Adapted by James Vanderbilt, Steve Kloves and Alvin Sargent from The Amazing Spider-Man by Stan Lee and Steve Ditko.
Did you know Spider-Man is the highest-grossing fictional character? When taking into account everything, merely including cinema, he’s earned more money than any other character. So it’s no surprise Columbia Pictures want to keep the character. The Amazing Spider-Man was originally Spider-Man 4, but numerous reasons lead to it being a reboot. This meant re-telling his origin story, introducing a new actor as Spider-Man and reinventing the franchise. Many of the positive reviews I give are often due to me considering something to be an accomplishment, and The Amazing Spider-Man is definitely an accomplishment. Because never, in anything else, have I found myself being so immersed in a story because of the combination between character and actor. Andrew Garfield was the perfect casting choice, due to his subtle nuances and ability to make Peter Parker the everyboy, while also showing him to be extraordinary.
As someone’s who never read a single issue of The Amazing Spider-Man, it’s never been a part of me. And I haven’t, as yet, seen any of the original trilogy. This was the first Spider-Man-related product I was exposed to, and that makes me see it as the perfect representation of what that world is probably like. Hiring Mark Webb, the director of (500) Days of Summer, was a genius move. Too many people make the mistake of labelling genres based on setting, rather than characters. The Amazing Spider-Man is, based on Peter Parker’s relationship with Gwen Stacy, a teen comedy drama. And it’s the Parker/Stacy relationship that’s at the heart of the story, and his transformation into Spider-Man is just a part of that. It’s a part of that story, rather than being the story. Which is totally the right way to do it – I care more about who’s under the mask, and what’s going on in his life. Everything is attached to the romance plot, and the whole story feels imbued with it. There’s a magic to it, because we find ourselves instantly loving our lead actor and protagonist, as well as a darkness, because of the themes and what the characters go through. But ultimately, as is every story, the latter is the most important thing. It’s a story about characters who come closer together because they’re missing something. Parker’s missing his parents, and this brings him closer to Stacy. Stacy’s Father dies, and this brings her closer to Parker. Uncle Ben dies, and this brings Aunt May closer to Parker. The only person who doesn’t come closer to someone is Curtis Connors, who’s missing his arm. And he deals with that through scientific means, rather than emotional means. One of the things about Spider-Man is his ability to be an emotional character, and can show us – because he’s the Everyboy – that emotion is an advantage. Emotion is at the heart of the story, and the story is about how emotion will save us. Spider-Man isn’t like Batman; he doesn’t deal with his trauma by beating people, and he isn’t like Superman, by snapping necks because of his anger. Spider-Man lets it out, shows us it’s going to be okay, and is able to still be happy. We like Peter Parker because he’s happy, despite everything. It’s a bittersweet tale of a person who’s learned to appreciate things, and I’d say that’s what makes The Amazing Spider-Man stand-out as a motion picture: it’s the story of the man behind the mask. It’s about Peter Parker. Others could be Spider-Man, but only he can make him amazing.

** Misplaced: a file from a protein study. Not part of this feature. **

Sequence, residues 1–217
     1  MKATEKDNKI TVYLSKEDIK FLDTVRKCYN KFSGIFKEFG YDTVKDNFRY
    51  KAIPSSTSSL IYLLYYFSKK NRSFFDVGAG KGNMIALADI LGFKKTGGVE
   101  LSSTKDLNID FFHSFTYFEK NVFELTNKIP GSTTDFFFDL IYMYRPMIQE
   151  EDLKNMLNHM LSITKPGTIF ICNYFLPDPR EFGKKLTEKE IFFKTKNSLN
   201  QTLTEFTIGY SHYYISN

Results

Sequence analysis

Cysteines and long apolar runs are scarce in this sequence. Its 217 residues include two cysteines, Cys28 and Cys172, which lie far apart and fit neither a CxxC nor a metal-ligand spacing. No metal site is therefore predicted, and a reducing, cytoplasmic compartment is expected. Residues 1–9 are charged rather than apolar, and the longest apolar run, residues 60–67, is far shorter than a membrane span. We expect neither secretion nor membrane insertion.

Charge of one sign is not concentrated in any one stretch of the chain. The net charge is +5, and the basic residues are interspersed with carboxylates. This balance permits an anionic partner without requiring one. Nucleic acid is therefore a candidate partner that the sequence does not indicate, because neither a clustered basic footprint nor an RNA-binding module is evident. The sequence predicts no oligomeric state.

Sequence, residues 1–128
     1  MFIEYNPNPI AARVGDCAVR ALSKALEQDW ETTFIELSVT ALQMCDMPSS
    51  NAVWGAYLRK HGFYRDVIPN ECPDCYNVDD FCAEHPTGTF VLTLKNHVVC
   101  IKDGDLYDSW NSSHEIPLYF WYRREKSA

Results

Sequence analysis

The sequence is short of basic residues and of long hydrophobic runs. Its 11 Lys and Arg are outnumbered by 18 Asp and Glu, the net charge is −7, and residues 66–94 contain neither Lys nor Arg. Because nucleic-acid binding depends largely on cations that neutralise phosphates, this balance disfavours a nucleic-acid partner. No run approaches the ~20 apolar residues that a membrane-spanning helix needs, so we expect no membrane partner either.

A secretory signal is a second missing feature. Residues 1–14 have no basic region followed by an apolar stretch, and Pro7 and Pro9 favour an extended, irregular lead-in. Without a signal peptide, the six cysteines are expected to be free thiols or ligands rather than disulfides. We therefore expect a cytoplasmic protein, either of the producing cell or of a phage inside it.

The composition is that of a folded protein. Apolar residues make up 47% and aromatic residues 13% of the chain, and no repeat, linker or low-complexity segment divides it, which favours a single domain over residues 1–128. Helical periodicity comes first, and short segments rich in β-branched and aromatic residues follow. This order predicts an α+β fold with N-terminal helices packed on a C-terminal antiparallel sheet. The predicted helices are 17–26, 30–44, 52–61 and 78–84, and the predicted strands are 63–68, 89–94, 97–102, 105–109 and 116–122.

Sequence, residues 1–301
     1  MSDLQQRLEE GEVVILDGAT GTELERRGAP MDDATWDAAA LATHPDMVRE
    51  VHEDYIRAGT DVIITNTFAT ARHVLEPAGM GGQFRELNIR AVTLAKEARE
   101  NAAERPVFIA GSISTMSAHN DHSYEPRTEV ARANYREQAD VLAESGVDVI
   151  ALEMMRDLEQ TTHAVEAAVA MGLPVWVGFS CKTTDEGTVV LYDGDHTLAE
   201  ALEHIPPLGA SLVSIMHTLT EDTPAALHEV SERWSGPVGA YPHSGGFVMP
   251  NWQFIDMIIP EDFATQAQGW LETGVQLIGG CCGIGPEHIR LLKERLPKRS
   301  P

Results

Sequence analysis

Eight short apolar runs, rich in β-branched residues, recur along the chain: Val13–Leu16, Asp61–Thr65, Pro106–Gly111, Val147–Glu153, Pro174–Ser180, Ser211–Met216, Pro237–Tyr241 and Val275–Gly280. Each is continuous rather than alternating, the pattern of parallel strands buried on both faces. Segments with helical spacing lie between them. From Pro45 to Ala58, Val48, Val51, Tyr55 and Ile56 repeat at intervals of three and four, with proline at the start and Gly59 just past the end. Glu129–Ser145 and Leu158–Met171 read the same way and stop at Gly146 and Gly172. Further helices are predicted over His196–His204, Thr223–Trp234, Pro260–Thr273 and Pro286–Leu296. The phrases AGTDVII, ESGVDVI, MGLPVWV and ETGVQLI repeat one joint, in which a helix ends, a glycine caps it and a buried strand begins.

And for the first time, we have a character transformed into a superhero, who actually freaks out about becoming a superhero. Were I to acquire superpowers, my initial reaction would be “Holy fuckballs, I’m a fucking superhuman!” They’re only fiction, and in becoming Spider-Man, he embraces it in the most believable way. Which is to go “Ahahahahahaha! Screw you guys, I’ve got superpowers”. Don’t lie – you’d do it. As Webb had only really directed independents up until this point, he’d learned to check the egos at the door. The story isn’t about promoting the characters, it’s just showing us them, and letting us appreciate them for what they are. In Batman adaptations (which I don’t dislike), his most common phrase is “I’m Batman!”, and Superman is dripping with egomania. But this isn’t about the superhero, it’s about the secret identity, and unlike others that attempt to do this, actually seems to know how. That’s why I’ve constantly referred him to as Peter Parker, not Spider-Man. Because one of those is an alias. Only one of them’s a character.
The Amazing Spider-Man: the superhero genre’s Citizen Kane. 8/10